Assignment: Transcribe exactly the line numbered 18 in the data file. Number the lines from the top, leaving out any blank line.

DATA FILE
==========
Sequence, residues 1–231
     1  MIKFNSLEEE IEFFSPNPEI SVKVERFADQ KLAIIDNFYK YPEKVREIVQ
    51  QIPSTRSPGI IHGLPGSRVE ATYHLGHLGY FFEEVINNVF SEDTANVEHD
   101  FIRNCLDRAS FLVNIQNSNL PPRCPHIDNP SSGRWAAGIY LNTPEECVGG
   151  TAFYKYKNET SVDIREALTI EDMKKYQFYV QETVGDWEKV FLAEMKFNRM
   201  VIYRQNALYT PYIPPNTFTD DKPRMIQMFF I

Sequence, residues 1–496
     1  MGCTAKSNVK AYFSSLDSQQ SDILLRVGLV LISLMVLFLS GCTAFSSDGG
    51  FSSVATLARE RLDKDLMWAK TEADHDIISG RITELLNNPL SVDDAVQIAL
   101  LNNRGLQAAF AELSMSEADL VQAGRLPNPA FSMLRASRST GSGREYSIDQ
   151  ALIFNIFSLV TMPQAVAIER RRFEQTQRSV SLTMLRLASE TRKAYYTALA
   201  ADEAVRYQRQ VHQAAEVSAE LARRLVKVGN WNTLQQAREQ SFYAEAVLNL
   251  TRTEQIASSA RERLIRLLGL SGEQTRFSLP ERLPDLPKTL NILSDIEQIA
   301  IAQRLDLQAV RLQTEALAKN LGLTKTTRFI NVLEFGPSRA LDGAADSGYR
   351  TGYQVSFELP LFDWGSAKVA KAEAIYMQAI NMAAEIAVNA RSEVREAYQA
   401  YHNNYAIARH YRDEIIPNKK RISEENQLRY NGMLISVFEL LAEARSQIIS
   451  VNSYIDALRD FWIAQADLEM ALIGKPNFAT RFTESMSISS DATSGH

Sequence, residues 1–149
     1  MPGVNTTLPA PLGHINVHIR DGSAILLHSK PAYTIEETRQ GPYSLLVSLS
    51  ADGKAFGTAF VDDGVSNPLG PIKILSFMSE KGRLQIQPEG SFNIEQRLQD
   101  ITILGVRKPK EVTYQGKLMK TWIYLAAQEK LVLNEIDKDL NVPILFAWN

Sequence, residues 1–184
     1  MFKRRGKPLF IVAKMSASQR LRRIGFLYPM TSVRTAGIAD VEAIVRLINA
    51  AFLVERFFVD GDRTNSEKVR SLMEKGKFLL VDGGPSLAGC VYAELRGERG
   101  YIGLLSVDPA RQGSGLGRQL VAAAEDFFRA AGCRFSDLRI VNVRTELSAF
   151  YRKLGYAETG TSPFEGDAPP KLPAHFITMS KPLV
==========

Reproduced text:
Sequence, residues 1–149